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      JUST IN!   07/17/2018

      Video: 2019 Yamaha YZ250F Features & Benefits 


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    Video: 2019 GasGas Enduro Range
    The highly competitive GasGas EC enduro and XC cross-country models renew their image by incorporating improvements in the frame and suspension, the engine and the electrical system. The brand from Girona updates the looks of its enduro while keeping intact the wild, attractive line of its unmistakable two-stroke off-road models.  
    Posted by Bryan Bosch on Jul 17, 2018

    Antigravity Batteries Lithium Ion Battery with Restart Technology
    I don't know anyone that doesn't love how light weight lithium ion motorcycle batteries are, but there are still plenty of critics of the technology as it relates to reliability, especially for those that ride in very cold conditions. In some cases, lead acid batteries very well might be a rider's best choice, but there is no question that light weight batteries have come a long way, both in terms of performance and reliability.  Lots of cranking power in a lightweight package So Cal based Antigravity Batteries appears to be one of the leaders pushing the envelope in the lightweight battery segment, recently releasing a "smart" battery that addresses one of the killers of lithium ion batteries: over discharge.  Select Antigravity Batteries feature tech called "RE-START". Simply put, if the on-board battery management system (BMS) detects that the battery is in danger of becoming over discharged, it will automatically put itself into a protective state, preserving enough power for a few starts. Push the RE-START button (remote triggering coming soon) on the battery to bring it back to life. Antigravity Batteries RE-START tech really appeals to me, as my KTM 690 Enduro R has no back-up kickstarter, something we're seeing more and more of. Installation of the Antigravity Batteries RE-START battery was a piece of cake with a negative and positive terminal on both sides of the top of battery. It also fit snugly into the factory battery box, but the factory aluminum retention strap appeared to slightly cover one edge of the RE-START button on the top of the battery. Fortunately I could still hear an audible "click" when pushing it, verifying that the button is still functional. Fortunately I can remove my seat to access the RE-START button without tools, but I can see why Antigravity is coming out with a remote for motorcycles where battery access is more challenging. Press the RE-START button to bring the battery back to life Does the RE-START tech work? Absolutely. To test this, I hooked-up a 12v fan directly to the battery and let it run until it stopped. I pressed the RE-START button once, hit the eButton, and my bike turned over and started like it normally does. Nice! Recently a riding buddy swamped his KLR during a water crossing and in the process of getting the bike restarted, after maybe a dozen pushes of the eButton, without notice, his competing brand lithium ion battery became over discharged, and he was stranded. This is a perfect example of what Antigravity Batteries RE-START technology was designed to avoid.  Over the last several months of riding with my Antigravity Batteries RE-START lithium ion battery, it's been flawless. This includes sitting in a hot Florida garage for a couple of weeks when it was raining non-stop without being charged, start/stop/start/stop dual sport duty, and a number of weekends of hot, humid, & wet Florida trail riding. On my last riding trip to the Ocala national forest, it was super hot, humid, and I was really working the bike riding in deep sand. When taking trailside breaks, the radiator fan would run for 4 to 5 minutes each time (key on with headlight on), and when I hit the eButton, the starter turned over the engine with ease, lighting quickly. With 360 cranking amps @ 10Ah vs. the stock lead acid 190 @ 9.1Ah, I'm not surprised. Pros  Huge weight savings over lead acid (2.5lbs. vs. 6.625lbs.). Faster starts because of stronger cranking power. Smart technology that keeps you from being stranded. Smart technology that extends battery life. Flexible 4-terminal design. Cons  Until remote RE-START button is released, for some bikes, getting to battery RE-START button could be challenging. Bottom-line  If you want the weight savings that lithium ion batteries offer, but without the risks of being stranded from being over discharged, Antigravity Batteries RE-START battery is not only a good choice, being the first of its kind, it's your only choice.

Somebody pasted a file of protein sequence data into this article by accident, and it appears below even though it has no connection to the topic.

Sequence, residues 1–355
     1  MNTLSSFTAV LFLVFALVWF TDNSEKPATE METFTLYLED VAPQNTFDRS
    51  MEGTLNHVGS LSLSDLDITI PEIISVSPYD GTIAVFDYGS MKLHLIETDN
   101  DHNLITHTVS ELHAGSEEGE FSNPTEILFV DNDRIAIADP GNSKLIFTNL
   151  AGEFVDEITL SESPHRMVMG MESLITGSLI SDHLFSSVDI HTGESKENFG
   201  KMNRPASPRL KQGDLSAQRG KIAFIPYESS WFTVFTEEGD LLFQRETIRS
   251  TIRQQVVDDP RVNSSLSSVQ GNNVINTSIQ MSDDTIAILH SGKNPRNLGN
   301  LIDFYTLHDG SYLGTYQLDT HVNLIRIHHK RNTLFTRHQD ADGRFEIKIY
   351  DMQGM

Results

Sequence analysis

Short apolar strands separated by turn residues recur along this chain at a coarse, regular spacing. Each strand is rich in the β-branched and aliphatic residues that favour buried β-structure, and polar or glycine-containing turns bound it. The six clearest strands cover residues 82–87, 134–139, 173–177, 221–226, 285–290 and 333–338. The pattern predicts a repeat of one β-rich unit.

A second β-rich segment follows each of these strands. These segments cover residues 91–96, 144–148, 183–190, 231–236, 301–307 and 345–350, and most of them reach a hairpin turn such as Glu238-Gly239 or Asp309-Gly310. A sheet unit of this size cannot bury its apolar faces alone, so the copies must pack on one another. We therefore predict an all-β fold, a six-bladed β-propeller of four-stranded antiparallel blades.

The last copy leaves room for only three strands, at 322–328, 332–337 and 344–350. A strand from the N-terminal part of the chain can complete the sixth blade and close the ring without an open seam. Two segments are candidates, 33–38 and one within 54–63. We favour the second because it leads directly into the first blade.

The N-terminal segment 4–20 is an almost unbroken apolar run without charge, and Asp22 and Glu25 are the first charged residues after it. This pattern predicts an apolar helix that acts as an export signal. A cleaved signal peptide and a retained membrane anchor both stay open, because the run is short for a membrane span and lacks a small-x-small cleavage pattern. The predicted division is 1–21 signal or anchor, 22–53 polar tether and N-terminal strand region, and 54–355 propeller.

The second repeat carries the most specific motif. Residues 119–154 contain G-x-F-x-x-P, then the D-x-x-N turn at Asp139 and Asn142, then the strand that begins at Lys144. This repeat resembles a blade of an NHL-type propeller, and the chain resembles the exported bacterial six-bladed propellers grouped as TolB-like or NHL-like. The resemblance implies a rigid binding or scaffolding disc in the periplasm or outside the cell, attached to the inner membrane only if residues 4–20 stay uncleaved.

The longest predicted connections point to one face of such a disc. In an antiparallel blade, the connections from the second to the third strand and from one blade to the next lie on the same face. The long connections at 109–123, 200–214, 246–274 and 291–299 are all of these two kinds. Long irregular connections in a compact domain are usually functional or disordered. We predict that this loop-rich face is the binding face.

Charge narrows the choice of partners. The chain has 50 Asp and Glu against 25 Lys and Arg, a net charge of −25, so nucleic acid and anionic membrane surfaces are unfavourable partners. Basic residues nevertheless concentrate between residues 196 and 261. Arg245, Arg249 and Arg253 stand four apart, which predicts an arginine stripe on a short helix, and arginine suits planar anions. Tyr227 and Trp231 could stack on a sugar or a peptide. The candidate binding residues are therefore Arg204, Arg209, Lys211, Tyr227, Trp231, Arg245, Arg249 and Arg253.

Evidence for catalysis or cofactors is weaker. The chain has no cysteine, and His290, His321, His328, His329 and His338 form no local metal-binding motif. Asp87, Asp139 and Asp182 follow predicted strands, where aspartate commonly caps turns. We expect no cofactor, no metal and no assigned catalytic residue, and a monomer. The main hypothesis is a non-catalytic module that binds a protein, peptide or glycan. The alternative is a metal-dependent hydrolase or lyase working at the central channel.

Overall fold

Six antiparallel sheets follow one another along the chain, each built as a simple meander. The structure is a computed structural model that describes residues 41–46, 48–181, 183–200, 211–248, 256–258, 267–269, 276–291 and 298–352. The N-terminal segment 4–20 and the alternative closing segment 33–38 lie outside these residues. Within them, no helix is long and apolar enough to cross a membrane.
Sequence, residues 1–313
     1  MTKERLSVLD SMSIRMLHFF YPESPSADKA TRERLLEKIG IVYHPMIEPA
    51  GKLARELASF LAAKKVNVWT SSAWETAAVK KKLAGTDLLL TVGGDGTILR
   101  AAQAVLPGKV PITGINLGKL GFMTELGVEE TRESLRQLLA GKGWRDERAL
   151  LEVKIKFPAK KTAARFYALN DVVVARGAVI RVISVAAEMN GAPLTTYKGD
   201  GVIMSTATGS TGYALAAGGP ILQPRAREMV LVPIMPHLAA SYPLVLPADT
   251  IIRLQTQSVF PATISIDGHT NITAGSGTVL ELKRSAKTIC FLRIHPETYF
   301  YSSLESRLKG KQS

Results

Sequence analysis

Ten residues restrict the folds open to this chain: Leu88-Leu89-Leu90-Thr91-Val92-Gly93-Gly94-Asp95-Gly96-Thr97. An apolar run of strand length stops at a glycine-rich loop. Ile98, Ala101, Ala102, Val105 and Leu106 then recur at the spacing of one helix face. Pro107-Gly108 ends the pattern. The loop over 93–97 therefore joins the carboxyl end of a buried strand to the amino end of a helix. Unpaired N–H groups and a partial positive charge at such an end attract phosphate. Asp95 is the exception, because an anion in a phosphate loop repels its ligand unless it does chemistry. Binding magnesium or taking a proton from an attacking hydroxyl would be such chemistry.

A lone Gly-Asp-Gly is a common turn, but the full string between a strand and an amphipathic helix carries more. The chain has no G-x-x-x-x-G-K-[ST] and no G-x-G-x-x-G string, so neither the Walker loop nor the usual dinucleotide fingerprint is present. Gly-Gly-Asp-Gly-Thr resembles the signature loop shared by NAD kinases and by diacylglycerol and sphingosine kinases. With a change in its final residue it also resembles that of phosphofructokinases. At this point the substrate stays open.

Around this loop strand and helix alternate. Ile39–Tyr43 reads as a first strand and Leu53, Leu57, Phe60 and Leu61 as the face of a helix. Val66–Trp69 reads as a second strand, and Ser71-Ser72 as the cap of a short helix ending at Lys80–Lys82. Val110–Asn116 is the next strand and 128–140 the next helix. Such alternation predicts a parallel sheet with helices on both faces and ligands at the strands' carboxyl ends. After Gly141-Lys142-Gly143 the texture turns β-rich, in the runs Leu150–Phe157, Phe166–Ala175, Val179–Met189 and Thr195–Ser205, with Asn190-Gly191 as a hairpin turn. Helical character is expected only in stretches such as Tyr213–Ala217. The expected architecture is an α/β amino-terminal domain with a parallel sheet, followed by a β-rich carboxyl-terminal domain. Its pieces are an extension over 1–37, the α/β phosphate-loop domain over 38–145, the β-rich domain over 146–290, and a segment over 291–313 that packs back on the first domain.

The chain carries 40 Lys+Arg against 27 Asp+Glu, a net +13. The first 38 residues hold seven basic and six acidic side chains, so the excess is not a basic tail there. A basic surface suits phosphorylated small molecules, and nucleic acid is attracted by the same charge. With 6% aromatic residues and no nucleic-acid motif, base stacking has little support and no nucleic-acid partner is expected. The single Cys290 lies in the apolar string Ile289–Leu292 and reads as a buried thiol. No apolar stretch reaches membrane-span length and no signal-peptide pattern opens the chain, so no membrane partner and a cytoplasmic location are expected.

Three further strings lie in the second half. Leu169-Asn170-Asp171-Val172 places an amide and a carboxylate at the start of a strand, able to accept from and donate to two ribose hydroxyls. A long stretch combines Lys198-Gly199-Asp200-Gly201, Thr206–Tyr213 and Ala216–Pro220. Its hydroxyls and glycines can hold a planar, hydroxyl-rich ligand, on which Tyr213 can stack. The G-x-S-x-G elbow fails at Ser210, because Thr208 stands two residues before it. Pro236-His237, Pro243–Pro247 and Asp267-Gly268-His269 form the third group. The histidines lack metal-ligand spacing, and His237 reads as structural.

Posted by Bryan Bosch on Jul 17, 2018